I just finished installing a full on complex data logging system onto a race boat. Because of sea water and water proofing etc I installed everything into separate boxes that presented a problem with grounding. The necessary arrangement meant that I had to bus everything inside the boxes and connect all buses together inside the master-box and I also fitted a tiny battery with a relay to power the system when cranking. I just setup a normally closed relay so it opened when the starter energized and then the little battery takes over to power the system. When the starter stops, the relay closes again and the alternator charges the battery. It all works without any serial data corruption or funny business going on. The heater and controller grounds are all connected together and all cables are running at half their rating current.
The crane box is grounded to the engine so there is no problem with burning it out.


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 Post Posted: Tue Feb 07, 2012 7:28 pm 
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Found a reply from Crane in my spam box?? I had sent them another message with the aforementioned scenario regarding loss of ground at the negative post and here is his reply.

Mike Covello wrote:
Good afternoon Ken,

I spoke with the engineer about the possible damage that could occur in the scenario as you’ve described and he agrees that if the ground strap did come loose it could cause catastrophic damage to the HI-6. He recommends attaching the heavy black wire to a chassis ground and using a ground strap from the battery to chassis using secure attachments. I apologize for the incorrect answer earlier. Let me know if you have any questions about this.

Thanks,

Mike Covello

Customer Sales and Technical Support


Gee shrinker, did you contact these people? ;-)

I stand corrected but I really can't see how moving that connection to the other end of that cable will change anything. :-k looks like everything that was connected there would hork up. :-k I've had countless times in my lifetime where corrosion on a negative terminal prevented the engine from starting but never had anything fried from that. :-k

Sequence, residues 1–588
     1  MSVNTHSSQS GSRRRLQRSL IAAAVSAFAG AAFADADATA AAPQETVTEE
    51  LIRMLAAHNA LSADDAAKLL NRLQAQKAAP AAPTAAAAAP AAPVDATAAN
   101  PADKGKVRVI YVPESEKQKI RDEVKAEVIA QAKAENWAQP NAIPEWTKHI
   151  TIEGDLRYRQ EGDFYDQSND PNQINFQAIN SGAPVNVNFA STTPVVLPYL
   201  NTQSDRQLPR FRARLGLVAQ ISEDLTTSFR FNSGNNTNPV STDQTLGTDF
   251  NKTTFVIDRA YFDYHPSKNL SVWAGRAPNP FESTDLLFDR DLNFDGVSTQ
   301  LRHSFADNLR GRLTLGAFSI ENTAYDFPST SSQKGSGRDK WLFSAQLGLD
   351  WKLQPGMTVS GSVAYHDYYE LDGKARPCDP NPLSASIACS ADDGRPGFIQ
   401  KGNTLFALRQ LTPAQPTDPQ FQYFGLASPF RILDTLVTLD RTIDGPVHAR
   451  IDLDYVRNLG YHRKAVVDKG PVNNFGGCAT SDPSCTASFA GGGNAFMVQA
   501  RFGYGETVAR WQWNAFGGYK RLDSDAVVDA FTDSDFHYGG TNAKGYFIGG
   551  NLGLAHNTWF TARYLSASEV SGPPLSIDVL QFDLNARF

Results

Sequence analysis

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 Post Posted: Tue Feb 07, 2012 8:53 pm 
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I didnt contact anyone. Im just telling you how it is. If the ground connection for the car is interrupted ANYWHERE so that the ground cannot get back to the battery ANY attachment that is direct to the battery terminal will then form the ground. IF that item passes ground through its board or whatever to the ground wire (which is an internal wiring thing inside each component, they differ of course) then the component will pass the starter current and poof goes the component.


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 Post Posted: Wed Feb 08, 2012 11:25 am 
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If a Crane box is wired directly to battery and a bad connection between ground and chassis develops ...

How does the Crane box provide a ground for other circuits that are grounded to chassis?

What path must the current take to get from the Batt + to Batt -?

There would have to be something inside the Crane box connecting the heavy black ground to somthing else that is connected to the chassis to provide the path from chassis to Batt - thru the Crane.

What other connection from the Crane box would be grounded to chassis?
Heavy red? I hope not
Small red ign wire? I hope not too
Wires to coil? I don't think they'd be grounded but I think the sec side of coil is ... maybe tied to Primary there?
Case? I hope this is not connected to the wiring, but this is possible. Poor design IMO if it does connect here.
Crank trigger? these should be totally isolated
Inputs (retard, stage etc)? Depends on input circuit design but made for +12V in so should not be a problem

I've always grounded everything to the chassis and the Batt - to the chassis. I hate wires running the full distance when the chassis is everywhere and convenient to connect. Just be sure you have good connections.

Rick


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 Post Posted: Wed Feb 08, 2012 3:44 pm 
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I dont understand why there is confusion over grounding. Any item that has a grounded chassis and also a ground wire connected to the battery is able to provide a ground in the event that its the only one doing so. Lots of items have grounded chassis and also a ground wire. If you connect the ground wire to the chassis there is no problem. Its just a problem when you connect the ground wire to the battery.
The crane black box is ground so when you bolt it to the chassis of your car its able to provide a ground path from the chassis to the battery terminal if you have connected the ground wire to the battery. thats all there is too it. Most components are ground on their external metal work. Radios etc everything is done that way. Never ground anything direct to the battery is the rule for auto electrics. Ground everything to the chassis or to a common ground lug then run a single cable to the battery terminal.